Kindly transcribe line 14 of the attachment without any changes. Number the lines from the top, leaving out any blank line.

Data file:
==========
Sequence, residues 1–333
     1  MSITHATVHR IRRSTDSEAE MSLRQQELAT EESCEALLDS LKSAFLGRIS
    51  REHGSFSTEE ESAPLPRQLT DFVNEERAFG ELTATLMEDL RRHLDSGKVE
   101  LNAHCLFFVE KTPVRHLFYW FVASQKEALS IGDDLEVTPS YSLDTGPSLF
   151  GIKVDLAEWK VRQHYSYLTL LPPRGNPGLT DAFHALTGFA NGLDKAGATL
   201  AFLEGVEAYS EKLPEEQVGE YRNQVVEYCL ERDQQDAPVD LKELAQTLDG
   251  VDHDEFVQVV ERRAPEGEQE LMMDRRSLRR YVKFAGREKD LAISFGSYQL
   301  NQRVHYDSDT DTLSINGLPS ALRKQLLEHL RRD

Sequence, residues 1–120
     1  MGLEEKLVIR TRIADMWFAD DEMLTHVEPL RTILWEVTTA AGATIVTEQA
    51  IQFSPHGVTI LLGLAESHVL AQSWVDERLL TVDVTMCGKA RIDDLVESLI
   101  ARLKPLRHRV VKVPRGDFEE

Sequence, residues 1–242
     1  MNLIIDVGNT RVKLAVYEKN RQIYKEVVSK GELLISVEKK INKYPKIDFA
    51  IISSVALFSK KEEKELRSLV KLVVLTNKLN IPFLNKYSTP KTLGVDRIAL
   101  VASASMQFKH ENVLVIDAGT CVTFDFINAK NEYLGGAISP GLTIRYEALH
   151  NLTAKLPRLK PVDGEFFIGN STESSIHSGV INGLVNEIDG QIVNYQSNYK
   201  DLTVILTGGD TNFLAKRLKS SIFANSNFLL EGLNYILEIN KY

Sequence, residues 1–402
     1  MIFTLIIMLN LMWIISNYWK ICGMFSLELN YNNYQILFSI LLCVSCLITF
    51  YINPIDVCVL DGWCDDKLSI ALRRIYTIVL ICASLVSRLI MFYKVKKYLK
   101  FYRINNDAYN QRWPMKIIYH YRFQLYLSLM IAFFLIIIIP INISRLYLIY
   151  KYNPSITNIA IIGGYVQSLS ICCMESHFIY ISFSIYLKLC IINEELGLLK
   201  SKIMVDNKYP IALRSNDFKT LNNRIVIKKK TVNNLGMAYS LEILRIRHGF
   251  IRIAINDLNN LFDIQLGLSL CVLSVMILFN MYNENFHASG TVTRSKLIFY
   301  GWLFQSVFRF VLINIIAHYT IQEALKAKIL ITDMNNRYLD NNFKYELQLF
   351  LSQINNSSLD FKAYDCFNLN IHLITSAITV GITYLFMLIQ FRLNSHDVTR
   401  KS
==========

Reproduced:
     1  MNLIIDVGNT RVKLAVYEKN RQIYKEVVSK GELLISVEKK INKYPKIDFA